A soldier of the P18 Gotland Regiment of the Swedish Army camouflages an armoured vehicle during a field exercise near Visby on the Swedish island of Gotland on May 17, 2022

‘I’m not worried that we will be attacked but I think it is a good idea to be ready, my father says we should be prepared and he’s probably more concerned than I am.

‘I can’t see Russia attacking us militarily because they have another war in Ukraine on their hands, but I can see them maybe going for the infrastructure, power or the internet.’

Dino Fors, 19, who was working in a convenience store, told MailOnline: ‘I’m not taking it too seriously. I really can’t see a war happening but of course I am ready to fight if needed.

‘I am the right age for conscription and the ideal candidate, but I haven’t been selected yet, although some of my friends have.

‘If I get called up then so be it, I will happily defend my country but like I say, I can’t see it happening anytime soon, and anyway they have to get through Finland first.

‘But I think Putin will be making a big mistake if he does attack Sweden as we have lots of powerful friends. I can’t see us being the next on his list.’

Carpenter Yngue Ericsson, 27, said: ‘Of course I would be prepared to fight for my country – why wouldn’t I?

Swedish and Finnish tanks are seen during a military exercise called "Cold Response 2022", gathering around 30,000 troops from NATO member countries plus Finland and Sweden, amid Russia's invasion of Ukraine, in Evenes, Norway, March 22, 2022

Swedish and Finnish tanks are seen during a military exercise called ‘Cold Response 2022’, gathering around 30,000 troops from NATO member countries plus Finland and Sweden, amid Russia’s invasion of Ukraine, in Evenes, Norway, March 22, 2022

Swedish soldiers takes part in a military exercise called "Cold Response 2022", gathering around 30,000 troops from NATO member countries plus Finland and Sweden, amid Russia's invasion of Ukraine, in Evenes, Norway, March 22, 2022

Swedish soldiers takes part in a military exercise called ‘Cold Response 2022’, gathering around 30,000 troops from NATO member countries plus Finland and Sweden, amid Russia’s invasion of Ukraine, in Evenes, Norway, March 22, 2022

A member of the Swedish Army drives a tank as Swedish Army armoured vehicles and tanks participate in a military exercise called "Cold Response 2022"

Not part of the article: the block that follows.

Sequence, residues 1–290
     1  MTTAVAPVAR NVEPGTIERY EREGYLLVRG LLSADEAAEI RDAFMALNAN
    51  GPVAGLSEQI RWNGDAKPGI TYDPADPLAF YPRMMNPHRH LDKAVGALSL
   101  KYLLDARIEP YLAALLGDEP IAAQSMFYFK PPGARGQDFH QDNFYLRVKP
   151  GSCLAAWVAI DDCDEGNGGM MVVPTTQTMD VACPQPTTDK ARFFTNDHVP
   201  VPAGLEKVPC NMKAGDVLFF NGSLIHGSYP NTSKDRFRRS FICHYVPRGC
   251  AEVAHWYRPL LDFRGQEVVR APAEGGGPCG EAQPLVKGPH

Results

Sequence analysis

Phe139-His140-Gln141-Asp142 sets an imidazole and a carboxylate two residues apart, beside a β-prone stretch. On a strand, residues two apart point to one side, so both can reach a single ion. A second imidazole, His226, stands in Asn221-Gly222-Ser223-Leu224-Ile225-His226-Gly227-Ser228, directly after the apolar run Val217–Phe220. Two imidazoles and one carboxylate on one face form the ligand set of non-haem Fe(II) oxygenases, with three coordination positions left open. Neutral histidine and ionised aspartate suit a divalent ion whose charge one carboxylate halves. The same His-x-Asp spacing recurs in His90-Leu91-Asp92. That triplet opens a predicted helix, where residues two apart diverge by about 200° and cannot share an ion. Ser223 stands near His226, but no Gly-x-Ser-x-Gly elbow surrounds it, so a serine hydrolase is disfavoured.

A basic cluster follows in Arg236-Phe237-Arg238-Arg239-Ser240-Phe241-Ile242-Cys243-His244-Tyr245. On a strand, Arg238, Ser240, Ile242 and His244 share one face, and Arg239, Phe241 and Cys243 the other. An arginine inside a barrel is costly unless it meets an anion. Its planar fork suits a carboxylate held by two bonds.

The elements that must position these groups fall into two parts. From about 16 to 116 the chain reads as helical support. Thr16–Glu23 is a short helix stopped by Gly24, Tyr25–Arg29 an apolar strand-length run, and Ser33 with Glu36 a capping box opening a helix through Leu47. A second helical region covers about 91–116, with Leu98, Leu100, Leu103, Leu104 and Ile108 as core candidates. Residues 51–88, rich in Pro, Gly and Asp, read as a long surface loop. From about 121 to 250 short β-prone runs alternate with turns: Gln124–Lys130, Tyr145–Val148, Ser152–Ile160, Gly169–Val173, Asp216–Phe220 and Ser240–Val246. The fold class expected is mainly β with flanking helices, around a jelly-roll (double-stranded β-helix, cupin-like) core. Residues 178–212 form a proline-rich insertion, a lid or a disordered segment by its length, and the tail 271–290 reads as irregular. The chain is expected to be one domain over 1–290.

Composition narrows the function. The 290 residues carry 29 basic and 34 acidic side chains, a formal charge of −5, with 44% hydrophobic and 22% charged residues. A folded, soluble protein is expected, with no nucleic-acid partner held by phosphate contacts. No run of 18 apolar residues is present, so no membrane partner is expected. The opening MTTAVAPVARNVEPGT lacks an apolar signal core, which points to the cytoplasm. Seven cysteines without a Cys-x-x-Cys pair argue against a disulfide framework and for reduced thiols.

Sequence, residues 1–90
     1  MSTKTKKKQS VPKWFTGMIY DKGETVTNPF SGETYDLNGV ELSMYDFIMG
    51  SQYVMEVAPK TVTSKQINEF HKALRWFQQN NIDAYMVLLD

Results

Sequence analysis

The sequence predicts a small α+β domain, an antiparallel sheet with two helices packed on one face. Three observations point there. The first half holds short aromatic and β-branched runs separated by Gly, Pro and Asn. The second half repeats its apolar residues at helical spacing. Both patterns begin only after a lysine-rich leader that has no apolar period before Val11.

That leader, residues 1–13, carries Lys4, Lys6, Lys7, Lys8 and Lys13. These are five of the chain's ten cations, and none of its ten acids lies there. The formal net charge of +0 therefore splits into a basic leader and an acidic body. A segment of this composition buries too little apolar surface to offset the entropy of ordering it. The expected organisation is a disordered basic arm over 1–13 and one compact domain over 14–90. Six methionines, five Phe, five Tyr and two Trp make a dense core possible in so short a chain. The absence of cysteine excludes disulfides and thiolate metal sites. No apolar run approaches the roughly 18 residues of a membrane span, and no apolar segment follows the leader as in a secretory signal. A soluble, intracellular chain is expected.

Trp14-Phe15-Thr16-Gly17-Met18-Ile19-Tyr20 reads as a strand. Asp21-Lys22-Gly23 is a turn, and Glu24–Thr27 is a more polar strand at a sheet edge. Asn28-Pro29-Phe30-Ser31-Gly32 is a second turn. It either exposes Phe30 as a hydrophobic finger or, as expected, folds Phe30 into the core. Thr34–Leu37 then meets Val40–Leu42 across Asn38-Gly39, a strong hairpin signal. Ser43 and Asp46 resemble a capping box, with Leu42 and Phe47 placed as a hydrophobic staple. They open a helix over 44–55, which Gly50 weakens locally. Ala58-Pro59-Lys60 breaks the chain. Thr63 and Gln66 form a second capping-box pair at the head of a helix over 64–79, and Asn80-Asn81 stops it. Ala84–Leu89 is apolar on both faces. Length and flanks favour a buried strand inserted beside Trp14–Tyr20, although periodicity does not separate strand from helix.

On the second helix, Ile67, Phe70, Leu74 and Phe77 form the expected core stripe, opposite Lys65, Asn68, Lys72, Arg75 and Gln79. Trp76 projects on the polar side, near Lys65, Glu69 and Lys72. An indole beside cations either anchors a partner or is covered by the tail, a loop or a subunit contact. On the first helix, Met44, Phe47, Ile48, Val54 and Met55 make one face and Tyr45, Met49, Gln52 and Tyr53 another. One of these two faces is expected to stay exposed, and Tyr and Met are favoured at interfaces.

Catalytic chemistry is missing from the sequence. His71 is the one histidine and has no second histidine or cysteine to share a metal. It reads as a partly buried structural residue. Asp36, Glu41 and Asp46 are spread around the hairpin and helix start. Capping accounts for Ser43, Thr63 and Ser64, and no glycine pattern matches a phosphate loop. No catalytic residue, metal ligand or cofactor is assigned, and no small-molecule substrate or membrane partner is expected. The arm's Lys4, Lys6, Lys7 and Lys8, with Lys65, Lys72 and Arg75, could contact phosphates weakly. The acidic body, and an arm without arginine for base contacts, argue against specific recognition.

A member of the Swedish Army drives a tank as Swedish Army armoured vehicles and tanks participate in a military exercise called ‘Cold Response 2022’

Swedish army members drive infantry fighting vehicles as part of military exercise called "Cold Response 2022", gathering around 30,000 troops from NATO member countries plus Finland and Sweden, amid Russia's invasion of Ukraine, in Setermoen in the Arctic Circle

Swedish army members drive infantry fighting vehicles as part of military exercise called ‘Cold Response 2022’, gathering around 30,000 troops from NATO member countries plus Finland and Sweden, amid Russia’s invasion of Ukraine, in Setermoen in the Arctic Circle

‘It’s good that we have been asked to be prepared and I think the fact we haven’t had war for more than 200 years can make you feel complacent.

‘You should fight if your freedom is threatened. Putin is just a bully and he deserves to be treated like one.

‘If the Russians come here, we will send them back in boxes. They will not find Sweden an easy pushover.’

Student Axel Magnusson, 17, from Gnosjo, who was with friends at an Ikea outlet having lunch, also said he would be prepared to fight if needed.

He said: ‘To be honest, they say this every couple of years, and they really ramped it up after Russia invaded Ukraine – but I would be willing to defend my country.

‘I’m 18 next year so will have to go through the conscript tests and could be selected, so I know that I could be involved in any action.

‘I really can’t see anything happening though because we have strong allies who will defend us and if Russia attacked it would be making a mistake – other NATO members would help.’

Pal Laura Matuzovic, from Gnosjo, 17, said: ‘I heard it and, like Axel says, we do hear this every year – and yes it scares me a little but I try to put it to the back of my mind.